He claims that people management is the most challenging part of multi-site operating. “The hardest part of it is the staffing side of things. We already have 40 employees and with the new sites we’ll have 75. I intend to create an in-depth training module to create a structure so that staff can move up to different levels within the business - we like to promote from within and this will help.”


One of the downsides of no longer spending all your time at one store is that you aren’t there to offer the all-important personal touch that can give convenience stores the edge over their rivals. “Although the business is growing, ensuring that customers are at our heart is still vital,” says Harris. “I do regret not being able to do that personally, but we are conveying this through our staff. While recruiting staff we’ve been looking at those who can talk and make friends with customers. At our third store in Leven we have taken on our first manager, Lorraine, and one of the jobs I’ve tasked her with is to reach out to the community.”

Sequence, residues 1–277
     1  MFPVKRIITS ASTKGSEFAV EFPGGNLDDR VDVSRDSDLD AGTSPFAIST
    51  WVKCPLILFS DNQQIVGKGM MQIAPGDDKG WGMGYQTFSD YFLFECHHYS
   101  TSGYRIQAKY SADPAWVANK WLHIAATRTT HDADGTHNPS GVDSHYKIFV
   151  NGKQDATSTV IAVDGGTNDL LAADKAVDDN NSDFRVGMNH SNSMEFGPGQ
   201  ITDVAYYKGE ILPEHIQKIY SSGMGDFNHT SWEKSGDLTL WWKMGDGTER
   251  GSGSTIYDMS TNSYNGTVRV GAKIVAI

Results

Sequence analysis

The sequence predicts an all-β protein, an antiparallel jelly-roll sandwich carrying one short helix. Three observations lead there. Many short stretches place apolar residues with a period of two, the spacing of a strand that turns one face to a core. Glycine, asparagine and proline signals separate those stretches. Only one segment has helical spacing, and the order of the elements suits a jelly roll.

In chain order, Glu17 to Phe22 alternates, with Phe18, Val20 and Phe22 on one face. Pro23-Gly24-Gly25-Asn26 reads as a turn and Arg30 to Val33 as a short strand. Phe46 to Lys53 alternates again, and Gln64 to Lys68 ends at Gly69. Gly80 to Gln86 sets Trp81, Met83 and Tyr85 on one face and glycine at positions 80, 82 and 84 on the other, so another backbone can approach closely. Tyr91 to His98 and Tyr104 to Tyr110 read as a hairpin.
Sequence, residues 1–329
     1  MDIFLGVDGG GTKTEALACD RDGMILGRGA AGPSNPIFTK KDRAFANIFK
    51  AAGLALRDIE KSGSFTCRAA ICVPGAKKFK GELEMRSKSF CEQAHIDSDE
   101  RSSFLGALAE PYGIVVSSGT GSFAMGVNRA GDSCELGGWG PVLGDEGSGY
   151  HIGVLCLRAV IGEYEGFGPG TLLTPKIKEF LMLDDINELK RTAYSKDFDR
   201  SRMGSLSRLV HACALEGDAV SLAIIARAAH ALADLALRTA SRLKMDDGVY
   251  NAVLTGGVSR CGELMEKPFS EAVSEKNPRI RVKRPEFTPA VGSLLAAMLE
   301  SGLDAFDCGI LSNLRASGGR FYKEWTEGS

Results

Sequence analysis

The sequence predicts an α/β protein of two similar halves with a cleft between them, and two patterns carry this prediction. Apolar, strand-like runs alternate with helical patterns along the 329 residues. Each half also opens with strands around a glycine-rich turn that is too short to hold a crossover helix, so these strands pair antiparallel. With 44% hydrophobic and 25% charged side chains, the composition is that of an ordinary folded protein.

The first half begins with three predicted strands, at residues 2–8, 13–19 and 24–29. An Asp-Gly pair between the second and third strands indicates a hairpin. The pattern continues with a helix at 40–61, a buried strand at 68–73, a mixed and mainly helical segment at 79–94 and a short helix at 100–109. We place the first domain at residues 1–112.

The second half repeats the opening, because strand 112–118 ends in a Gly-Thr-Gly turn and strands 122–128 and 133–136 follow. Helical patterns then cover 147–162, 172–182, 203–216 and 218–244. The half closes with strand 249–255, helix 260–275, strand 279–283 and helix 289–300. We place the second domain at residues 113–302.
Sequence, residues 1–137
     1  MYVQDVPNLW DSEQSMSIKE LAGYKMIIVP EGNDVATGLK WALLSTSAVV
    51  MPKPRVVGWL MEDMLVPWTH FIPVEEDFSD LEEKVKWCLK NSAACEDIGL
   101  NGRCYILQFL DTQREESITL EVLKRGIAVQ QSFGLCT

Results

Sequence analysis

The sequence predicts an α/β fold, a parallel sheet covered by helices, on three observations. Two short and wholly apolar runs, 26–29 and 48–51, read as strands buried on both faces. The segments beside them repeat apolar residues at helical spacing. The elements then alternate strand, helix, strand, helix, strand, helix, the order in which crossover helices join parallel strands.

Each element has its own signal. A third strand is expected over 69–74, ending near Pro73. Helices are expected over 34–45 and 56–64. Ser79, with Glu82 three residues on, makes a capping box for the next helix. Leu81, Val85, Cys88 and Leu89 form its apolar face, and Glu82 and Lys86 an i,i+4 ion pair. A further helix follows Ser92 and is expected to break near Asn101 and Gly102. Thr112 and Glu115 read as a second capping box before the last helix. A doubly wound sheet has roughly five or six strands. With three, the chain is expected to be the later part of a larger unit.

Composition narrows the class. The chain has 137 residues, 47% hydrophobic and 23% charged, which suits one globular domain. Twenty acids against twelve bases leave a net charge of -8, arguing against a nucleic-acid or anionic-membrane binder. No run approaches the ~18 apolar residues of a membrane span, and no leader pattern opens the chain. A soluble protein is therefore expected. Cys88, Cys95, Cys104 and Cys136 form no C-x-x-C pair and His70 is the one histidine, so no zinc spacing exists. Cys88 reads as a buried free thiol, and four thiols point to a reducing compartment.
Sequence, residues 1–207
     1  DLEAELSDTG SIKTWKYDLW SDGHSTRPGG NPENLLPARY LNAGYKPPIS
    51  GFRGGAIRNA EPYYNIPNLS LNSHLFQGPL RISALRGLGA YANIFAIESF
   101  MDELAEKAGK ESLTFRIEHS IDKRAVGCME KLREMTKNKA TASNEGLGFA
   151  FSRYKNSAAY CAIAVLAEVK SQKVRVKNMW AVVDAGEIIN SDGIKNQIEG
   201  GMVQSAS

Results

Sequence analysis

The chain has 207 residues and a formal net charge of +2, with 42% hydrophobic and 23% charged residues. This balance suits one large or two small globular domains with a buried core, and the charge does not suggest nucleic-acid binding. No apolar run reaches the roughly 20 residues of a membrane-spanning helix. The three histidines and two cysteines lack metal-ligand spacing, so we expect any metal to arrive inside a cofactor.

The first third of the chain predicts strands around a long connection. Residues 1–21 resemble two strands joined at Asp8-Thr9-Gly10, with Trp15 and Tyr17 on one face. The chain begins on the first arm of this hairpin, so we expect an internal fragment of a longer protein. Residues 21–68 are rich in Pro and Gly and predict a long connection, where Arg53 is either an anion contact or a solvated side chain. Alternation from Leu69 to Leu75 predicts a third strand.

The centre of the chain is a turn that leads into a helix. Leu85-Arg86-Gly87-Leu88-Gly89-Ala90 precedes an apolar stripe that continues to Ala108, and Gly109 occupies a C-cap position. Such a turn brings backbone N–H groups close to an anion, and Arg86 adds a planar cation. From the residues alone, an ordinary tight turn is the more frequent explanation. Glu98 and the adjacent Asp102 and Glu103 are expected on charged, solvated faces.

Shaun is of a similar mindset: “When we took on our third store we wanted to hit the ground running with management structures and centralisation processes so that we could take a step back from the day-to-day running. We’re focusing all our staff on integrating with the community. The managers are there to get to know the customers.”

Customer service

Placing your faith in the hands of your staff is one of the biggest hurdles when buying more stores, says Steve. “The big leap is realising you can’t be in two places at once. If you’re hands on, you have to disconnect from the day to day. You have to trust that the guy doing the milk order is doing it correctly. That’s why you put systems in place.”